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For many years the Moon has been blamed for everything from madness to increases in crimes and pregnancies.
But could I also be responsible for some people not being able to sleep?
Is there scientific evidence to support this suspicion?
Researchers from the University of Basel, Switzerland, found evidence of a “lunar influence” during a study with volunteers who slept under laboratory conditions.
The 33 volunteers, who did not know the purpose of the study and could not see the full moon from their beds, experienced the following:
- It took them five more minutes to fall asleep
- They slept 20 minutes less
- They spent 30% less time in deep sleep
Interestingly, the scientists suggested that it was not due to extra light from the Moon, since the volunteers were confined in a dark room.
The most likely explanation, according to the research published in 2013 in Current Biology , was that they were somehow naturally tuned to the cycles of the Moon.
“The lunar cycle seems to influence human sleep,” said Professor Christian Cajochen, author of the study. “Even when one does not see the Moon and is not aware of the current moon phase.”
What can we do if the full moon affects our sleep?
In a word, nothing.
Dr. Neil Stanley, an expert in sleep in the UK, says that if the effects of the full moon on sleep were due to brightness, then usual solutions , such as eye masks, would help.
However, the 2013 study suggested that it was not about light.
“It’s an academically interesting point, but it’s not particularly useful, since you can not stop it from happening, ” says Stanley.
“There will be a full moon every month, whether you like it or not . “
Stanley says that the research generated a stir when it was presented, but still needs to be repeated with a larger group of people and over a longer period to rule out that it was a chance finding .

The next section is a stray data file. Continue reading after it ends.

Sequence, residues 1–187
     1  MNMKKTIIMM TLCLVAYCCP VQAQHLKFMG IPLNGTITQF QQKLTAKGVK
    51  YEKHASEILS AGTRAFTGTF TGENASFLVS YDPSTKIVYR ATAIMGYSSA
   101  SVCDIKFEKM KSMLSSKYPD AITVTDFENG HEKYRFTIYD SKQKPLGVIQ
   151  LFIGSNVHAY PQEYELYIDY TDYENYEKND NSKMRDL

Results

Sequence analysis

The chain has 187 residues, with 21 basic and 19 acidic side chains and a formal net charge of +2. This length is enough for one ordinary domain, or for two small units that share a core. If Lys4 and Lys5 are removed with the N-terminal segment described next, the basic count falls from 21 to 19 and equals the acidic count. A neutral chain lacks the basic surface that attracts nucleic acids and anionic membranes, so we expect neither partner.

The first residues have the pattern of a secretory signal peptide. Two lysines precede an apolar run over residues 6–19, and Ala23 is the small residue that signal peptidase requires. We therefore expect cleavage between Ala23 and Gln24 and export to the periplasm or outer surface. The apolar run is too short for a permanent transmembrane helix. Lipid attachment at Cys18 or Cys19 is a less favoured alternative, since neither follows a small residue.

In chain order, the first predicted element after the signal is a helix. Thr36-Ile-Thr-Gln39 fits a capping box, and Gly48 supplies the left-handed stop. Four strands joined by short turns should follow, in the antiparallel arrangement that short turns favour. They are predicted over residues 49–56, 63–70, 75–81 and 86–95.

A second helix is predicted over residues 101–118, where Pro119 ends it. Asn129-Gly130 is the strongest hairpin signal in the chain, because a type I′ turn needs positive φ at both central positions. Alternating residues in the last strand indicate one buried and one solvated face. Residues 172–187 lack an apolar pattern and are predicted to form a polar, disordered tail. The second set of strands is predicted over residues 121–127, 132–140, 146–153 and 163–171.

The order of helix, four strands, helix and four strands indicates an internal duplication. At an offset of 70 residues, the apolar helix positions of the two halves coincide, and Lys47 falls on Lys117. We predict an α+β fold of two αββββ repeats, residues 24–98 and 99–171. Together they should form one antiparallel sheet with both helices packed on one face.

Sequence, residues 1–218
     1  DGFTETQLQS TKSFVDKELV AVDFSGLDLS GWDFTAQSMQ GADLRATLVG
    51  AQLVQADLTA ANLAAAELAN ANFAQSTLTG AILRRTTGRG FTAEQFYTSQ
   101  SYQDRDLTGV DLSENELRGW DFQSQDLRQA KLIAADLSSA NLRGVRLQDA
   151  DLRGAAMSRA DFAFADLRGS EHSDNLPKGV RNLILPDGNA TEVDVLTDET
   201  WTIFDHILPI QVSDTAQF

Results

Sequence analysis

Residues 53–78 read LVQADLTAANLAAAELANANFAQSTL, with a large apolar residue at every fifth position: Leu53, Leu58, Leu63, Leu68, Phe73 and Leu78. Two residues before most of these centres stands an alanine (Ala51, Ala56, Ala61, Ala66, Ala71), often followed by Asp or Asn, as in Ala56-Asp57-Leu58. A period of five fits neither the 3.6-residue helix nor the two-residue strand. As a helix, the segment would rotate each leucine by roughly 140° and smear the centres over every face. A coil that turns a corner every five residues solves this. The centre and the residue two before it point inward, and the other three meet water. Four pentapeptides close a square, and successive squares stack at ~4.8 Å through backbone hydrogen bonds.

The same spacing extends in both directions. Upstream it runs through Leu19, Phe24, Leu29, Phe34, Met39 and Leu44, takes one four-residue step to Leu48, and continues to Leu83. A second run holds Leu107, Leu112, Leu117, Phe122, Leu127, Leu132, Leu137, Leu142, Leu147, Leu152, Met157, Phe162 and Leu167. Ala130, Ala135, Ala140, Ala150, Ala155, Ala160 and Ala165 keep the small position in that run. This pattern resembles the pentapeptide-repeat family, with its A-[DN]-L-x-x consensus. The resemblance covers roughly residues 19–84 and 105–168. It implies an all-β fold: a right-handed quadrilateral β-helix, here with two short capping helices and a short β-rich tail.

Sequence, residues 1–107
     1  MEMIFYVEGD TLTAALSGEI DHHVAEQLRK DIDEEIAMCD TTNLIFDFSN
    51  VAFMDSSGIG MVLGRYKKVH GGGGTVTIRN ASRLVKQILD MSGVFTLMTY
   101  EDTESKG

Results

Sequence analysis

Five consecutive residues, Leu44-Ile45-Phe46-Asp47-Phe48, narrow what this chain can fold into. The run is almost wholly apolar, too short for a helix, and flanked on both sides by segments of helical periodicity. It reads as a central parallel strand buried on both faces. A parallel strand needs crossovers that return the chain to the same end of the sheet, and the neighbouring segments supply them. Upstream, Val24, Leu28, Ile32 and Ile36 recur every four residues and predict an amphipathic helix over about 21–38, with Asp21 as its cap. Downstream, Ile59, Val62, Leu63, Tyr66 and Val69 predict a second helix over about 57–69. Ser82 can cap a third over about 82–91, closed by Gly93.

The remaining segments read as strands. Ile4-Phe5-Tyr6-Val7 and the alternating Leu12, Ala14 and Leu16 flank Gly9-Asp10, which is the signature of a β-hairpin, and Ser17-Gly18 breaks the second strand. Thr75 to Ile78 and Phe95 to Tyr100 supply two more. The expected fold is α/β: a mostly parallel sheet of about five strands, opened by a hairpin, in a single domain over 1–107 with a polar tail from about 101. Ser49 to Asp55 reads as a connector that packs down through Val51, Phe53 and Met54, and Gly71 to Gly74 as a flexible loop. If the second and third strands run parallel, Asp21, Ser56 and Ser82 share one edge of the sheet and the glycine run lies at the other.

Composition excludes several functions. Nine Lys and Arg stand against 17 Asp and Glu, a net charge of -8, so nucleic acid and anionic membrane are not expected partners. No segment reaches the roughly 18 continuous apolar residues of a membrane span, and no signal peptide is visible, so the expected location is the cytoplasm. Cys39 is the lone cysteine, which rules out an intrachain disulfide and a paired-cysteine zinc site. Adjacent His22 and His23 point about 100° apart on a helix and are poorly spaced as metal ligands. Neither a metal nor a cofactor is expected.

“Unfortunately there has not been more research in this area since that study,” says Stanley.
He adds that if people report that they have a lower quality of sleep after a full moon night, it could be an example of confirmation bias , that is, people are more likely to notice and remember information that fits their beliefs.
A full Moon draws attention and people relate it to their night of interrupted sleep , while it is less likely to pay attention to a crescent Moon.
“It can only be a self-fulfilling prophecy .”
What else is charged to the full moon?
The ancient myths are full of references to the ability of the Moon to go a little crazy or even to become werewolves.
It even gave rise to the word ” lunatic “.
There is a lot of anecdotal evidence that there are more accidents, violent incidents and psychiatric admissions when the Moon is full.
In 2007 the police in Brighton, United Kingdom, came to employ additional officers during the full moon periods, after they carried out investigations that revealed that there was an increase in violent incidents during those nights.
“From my experience, for more than 19 years as a police officer, no doubt in the full Moon it seems we see people with a strange kind of behavior : more unruly, with more desire to discuss,” said at the time inspector Andy Parr.
“And I think that’s something that police officers across the country have confirmed for years.”
Another popular belief says that a full Moon encourages women to enter labor . It has also been blamed for the animals biting people, increase suicides and cases are to mbul ism .
But scientists have found little evidence of these and many other effects attributed to the Earth’s natural satellite.